Playing Pintown was an extremely frustrating experience. The game was loaded with errors, both in its writing and in its coding. Even the walkthrough had bugs. I went through two hours and two interpreters trying to get the program to respond in such a way as not to crash the game, and after 45 minutes I stuck with the walkthrough. Even with the walkthrough, it took me another hour to finally get the game to stop crashing, and once I had done that a runtime bug derailed three puzzle solutions and magically eliminated the person following me. By the time I figured out that the game is unwinnable (at least according to the walkthrough provided by the author) I really didn’t care anymore. The game’s puzzles were infuriatingly arbitrary, its plot made no sense, and its prose was both very unhelpful and heavily burdened with grammar and spelling errors. I recognize the fact that the author of Pintown is Swedish and therefore might not have the best grasp on English. That’s why beta testing is important — not only does it get rid of those pesky game-killing bugs, but testers who are fluent in English can help correct all those mechanical mistakes.
In Pintown you play a musician (though the game will only respond to “play guitar” in one location at one particular time) who’s just come off a bender where you had a major row with your girlfriend. Now it’s your task to find her and make peace. Of course, the game gives you no hint as to where she might be, and characters who seem to have no programmed responses to any questions or actions aren’t much help either. A vital part of the plot hinges on your getting into a parking garage, but you can only get in there at one crucial point in the game, and your are given no hints as to when and how that point arises. I only managed to get that far with the walkthrough in hand. As to how the game ends, I have no opinion since I never got there — the game’s bugs prevented me.
This game recalled some of the more disappointing moments of last year’s competition, and I found myself once again asking that question: why would anyone who cares about his work at all enter a buggy, error-laden, unwinnable game into the IF competition? There’s clearly a precedent (upheld by many of this year’s entries) of high quality among many of the competition games. And surely authors understand that the idea of the competition is to encourage the writing not just of IF, but of good IF. So why would people humiliate themselves by entering poorly written, untested games? It’s a puzzle too tough for this adventurer to solve.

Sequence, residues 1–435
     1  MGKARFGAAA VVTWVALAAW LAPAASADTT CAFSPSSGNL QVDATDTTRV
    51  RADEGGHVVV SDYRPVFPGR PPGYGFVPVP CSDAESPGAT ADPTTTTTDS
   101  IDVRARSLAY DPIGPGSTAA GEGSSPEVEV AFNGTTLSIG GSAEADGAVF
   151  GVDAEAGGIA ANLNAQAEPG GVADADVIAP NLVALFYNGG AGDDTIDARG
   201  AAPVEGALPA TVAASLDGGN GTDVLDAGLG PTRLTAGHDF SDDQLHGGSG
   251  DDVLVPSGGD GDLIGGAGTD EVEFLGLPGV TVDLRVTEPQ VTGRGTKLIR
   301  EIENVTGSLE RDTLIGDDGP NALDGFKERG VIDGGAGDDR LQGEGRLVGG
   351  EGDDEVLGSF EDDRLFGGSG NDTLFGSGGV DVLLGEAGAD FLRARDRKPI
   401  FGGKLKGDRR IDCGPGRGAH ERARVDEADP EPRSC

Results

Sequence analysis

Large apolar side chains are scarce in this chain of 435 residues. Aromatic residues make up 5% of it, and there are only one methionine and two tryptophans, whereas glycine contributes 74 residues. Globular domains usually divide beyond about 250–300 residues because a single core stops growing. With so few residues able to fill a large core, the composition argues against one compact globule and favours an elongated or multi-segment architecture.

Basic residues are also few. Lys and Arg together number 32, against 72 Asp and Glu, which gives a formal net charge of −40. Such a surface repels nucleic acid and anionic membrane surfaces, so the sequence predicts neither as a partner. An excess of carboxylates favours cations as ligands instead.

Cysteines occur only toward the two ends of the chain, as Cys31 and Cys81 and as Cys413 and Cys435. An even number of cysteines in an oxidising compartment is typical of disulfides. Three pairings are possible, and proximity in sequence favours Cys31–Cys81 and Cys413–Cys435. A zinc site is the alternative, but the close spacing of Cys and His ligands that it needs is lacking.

Prose: The prose in Pintown was weak. On the one hand, it’s one of those situations where there are so many technical errors that the overall prose quality is dramatically impacted for the worse. Then again, even without all those errors, I still think the prose would be bad. There’s a character who responds to every subject with “I don’t know.” Room descriptions leave out crucial objects. Sentences often make little sense. Clearly, there was a lack of effort here.
Plot: It’s hard to use the word “plot” in connection with a work like Pintown. The game’s basic goal, according to the designer, is “simply to get along with your girlfriend.” Of course, this is hard to do when she’s nowhere to be found until the endgame. Actually, the main goal of the game is to be in the right place at the right time, then to steal a car, set some random events in motion with an arbitrary action, then to clean up your apartment in exactly the right way, and finally to rescue a cat and “discover” your girlfriend’s hiding place. These plot points are relatively unconnected by any sort of logic.
Puzzles: The puzzles are very much of the “read the game designer’s mind” variety. First, you wake up and the first thing you need to do is go back to sleep. Then, you need to follow someone without really knowing why; if you don’t do this, you’ll never finish the game. Then, you steal a set of keys and a van to drive to your apartment. There is no alternate solution to the apartment puzzle. You can’t call a cab, or walk there, or ask anyone where it is. You’ve got to be there at the right time to get those keys and steal that van. Well, you get the idea.
Technical (writing): There were many grammar and spelling errors in the game. They include words missing letters, misspelled words, and made-up words (“trafficated?”)
Technical (coding): But if the writing was bad, the coding was downright awful. Playing the game under WinFrotz led to many game-killing bugs of the “FATAL ERROR: Illegal Object Number” or “Illegal Attribute Number” variety. Under JZIP, the game would just stop responding at random points. In addition, the game state was unstable enough to eliminate a follower and return two solved puzzles to an unsolved state, all at once. Unsurprisingly, beneath these major bugs was a panoply of minor bugs, including a dearth of synonyms, important missing verbs (like “pet cat”), and readable materials that only respond to “examine”, not “read.”
OVERALL: A 1.5